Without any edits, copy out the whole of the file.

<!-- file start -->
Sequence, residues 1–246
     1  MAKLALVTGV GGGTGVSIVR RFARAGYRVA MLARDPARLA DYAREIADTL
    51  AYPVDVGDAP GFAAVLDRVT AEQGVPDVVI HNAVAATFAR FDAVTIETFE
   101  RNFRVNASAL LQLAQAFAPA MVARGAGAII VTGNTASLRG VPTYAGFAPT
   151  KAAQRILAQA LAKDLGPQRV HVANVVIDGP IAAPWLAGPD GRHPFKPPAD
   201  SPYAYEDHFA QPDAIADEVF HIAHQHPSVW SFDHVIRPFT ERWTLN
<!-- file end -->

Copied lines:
Sequence, residues 1–246
     1  MAKLALVTGV GGGTGVSIVR RFARAGYRVA MLARDPARLA DYAREIADTL
    51  AYPVDVGDAP GFAAVLDRVT AEQGVPDVVI HNAVAATFAR FDAVTIETFE
   101  RNFRVNASAL LQLAQAFAPA MVARGAGAII VTGNTASLRG VPTYAGFAPT
   151  KAAQRILAQA LAKDLGPQRV HVANVVIDGP IAAPWLAGPD GRHPFKPPAD
   201  SPYAYEDHFA QPDAIADEVF HIAHQHPSVW SFDHVIRPFT ERWTLN